NASE News

Ask The Experts: Website Disclaimer

Read this article in PDF form here.

Q:
I own a sole proprietorship. I have begun to recommend other businesses and their products on my website. It is my understanding that I need to have a disclaimer to protect my business as much as possible. If this is the case, what kind of disclaimer is best and how do I create one? Also, where is the best location for the disclaimer on my website?


A: I would definitely put a disclaimer on your website. It’s a little tricky because you are, in a sense, endorsing others by listing them. In most states, the referring person has not been held liable unless they knew or should have known about some type of incompetence or problem. You should make clear that this is not a specific endorsement, and that each person should make their own decisions about whether the particular provider is right for them. If the endorsement is paid (either in money or services), that should also be disclosed.

I also favor a disclaimer that covers linking agreements. Many people do not understand where your website ends and another begins. You should also consider a privacy statement for your site and make sure you follow it. The Federal Trade Commission has some information about protecting consumer privacy.

For disclaimers as well as privacy statements, I recommend reviewing the language used on the websites of other businesses for typical language and ideas.

The placement of the disclaimer really depends on what the website and the specific pages look like. You want to find a balance between the extremes of a disclaimer so burdensome that it renders the website ineffective, and one buried in fine print where no one can find it. In most cases, I would suggest a common-sense approach. You can on a few pages include a fairly simple disclaimer that there is no endorsement, warranty, or guarantee, or that you “disclaim all warranties, guarantees, and liability.”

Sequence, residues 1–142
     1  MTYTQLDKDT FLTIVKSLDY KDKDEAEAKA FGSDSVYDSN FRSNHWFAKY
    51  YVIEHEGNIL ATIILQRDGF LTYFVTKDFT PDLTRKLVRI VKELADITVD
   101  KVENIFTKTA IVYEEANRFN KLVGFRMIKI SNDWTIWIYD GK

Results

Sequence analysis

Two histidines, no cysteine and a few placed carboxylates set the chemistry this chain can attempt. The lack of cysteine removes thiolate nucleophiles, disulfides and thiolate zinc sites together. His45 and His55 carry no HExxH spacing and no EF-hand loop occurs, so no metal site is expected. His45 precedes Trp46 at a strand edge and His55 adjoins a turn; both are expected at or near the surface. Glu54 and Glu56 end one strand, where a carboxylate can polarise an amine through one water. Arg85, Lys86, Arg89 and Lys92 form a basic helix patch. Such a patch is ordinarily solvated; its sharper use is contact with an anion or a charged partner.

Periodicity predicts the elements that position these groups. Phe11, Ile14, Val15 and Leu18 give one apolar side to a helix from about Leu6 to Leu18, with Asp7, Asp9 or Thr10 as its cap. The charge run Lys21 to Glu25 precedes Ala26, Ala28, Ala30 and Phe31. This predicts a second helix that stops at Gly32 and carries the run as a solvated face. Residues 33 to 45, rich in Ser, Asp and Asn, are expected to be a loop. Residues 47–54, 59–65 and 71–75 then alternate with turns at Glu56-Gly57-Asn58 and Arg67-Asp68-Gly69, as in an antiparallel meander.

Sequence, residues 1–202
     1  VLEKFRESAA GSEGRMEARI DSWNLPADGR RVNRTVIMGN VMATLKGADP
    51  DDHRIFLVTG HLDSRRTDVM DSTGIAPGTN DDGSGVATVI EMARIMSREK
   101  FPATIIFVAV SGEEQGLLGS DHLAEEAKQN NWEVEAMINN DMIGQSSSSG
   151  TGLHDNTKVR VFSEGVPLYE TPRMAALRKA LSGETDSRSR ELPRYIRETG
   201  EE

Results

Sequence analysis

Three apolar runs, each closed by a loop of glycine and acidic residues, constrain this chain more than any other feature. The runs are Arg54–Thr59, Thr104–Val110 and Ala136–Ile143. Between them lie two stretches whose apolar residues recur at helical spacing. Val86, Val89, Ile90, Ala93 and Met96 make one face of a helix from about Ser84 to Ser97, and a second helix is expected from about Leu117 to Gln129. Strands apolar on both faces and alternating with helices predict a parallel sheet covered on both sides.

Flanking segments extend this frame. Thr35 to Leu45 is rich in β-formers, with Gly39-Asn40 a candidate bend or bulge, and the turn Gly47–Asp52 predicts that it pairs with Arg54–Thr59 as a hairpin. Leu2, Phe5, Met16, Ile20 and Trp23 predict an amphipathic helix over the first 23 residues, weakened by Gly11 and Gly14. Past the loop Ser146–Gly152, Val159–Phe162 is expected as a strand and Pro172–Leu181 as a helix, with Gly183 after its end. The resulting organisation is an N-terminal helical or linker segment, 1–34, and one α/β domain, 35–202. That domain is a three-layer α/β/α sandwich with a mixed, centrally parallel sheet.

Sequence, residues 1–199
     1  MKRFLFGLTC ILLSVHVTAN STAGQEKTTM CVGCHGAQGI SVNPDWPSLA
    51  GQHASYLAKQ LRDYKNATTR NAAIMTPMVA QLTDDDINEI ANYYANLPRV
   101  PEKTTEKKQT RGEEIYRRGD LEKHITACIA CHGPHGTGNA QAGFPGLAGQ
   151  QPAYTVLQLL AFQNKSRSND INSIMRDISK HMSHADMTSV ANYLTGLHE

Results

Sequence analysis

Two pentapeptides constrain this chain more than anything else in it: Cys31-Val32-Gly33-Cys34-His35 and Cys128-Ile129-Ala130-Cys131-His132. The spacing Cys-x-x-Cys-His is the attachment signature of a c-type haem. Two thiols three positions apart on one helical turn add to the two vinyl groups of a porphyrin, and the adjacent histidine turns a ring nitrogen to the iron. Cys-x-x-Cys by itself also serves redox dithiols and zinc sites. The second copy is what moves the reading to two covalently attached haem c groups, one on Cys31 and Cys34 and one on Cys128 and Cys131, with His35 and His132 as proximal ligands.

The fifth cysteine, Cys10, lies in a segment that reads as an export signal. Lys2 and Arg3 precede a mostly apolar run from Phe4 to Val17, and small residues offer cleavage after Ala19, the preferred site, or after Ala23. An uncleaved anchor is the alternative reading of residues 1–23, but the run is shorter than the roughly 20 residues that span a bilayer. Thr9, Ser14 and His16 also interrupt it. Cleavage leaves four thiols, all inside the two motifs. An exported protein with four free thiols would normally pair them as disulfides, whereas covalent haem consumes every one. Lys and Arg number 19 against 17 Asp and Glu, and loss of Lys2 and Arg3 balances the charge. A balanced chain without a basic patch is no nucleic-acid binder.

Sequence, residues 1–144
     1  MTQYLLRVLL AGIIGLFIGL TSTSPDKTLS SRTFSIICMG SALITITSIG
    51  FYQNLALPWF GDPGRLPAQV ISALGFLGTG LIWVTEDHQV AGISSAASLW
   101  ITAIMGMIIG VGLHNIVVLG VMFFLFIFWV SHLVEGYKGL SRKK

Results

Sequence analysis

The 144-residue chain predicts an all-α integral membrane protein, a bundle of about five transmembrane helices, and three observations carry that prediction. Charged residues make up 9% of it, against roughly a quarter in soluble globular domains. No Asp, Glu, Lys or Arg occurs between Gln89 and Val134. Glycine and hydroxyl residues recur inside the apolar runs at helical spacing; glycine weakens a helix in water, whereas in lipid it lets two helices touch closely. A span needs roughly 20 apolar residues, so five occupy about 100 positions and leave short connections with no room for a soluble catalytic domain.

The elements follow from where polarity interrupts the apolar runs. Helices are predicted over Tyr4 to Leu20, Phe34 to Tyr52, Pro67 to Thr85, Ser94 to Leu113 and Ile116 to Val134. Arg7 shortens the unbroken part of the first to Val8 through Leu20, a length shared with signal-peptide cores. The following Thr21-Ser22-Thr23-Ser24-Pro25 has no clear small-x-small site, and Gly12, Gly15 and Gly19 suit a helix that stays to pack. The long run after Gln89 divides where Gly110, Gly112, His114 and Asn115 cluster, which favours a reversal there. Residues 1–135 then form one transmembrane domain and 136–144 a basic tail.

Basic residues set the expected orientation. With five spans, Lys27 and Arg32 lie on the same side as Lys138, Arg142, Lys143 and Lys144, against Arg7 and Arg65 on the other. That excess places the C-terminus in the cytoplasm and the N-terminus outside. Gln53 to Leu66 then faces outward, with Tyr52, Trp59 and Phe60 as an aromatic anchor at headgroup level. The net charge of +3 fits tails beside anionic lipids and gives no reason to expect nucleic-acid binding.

The clicking of a box, or “clickwrap,” is a great place to include a disclaimer around the purchase of goods if you have the technology. If you are selling, linking, or posting the trademark of another, in a perfect world the product provider will through a contract agree to indemnify you if a claim is made.

For the most part, the courts have not found referrers liable unless they knew or should have known of a problem with the vendor. The exceptions are when a special fiduciary relationship exists with the customer (more than just a website relationship), or when the referrer is holding itself out as a consumer product review-type group. Of course, the goal is to avoid getting into litigation in the first place, so the better you set expectations up front, the better off you are.

Mike Beene, NASE Legal Expert

Read this article in PDF form here.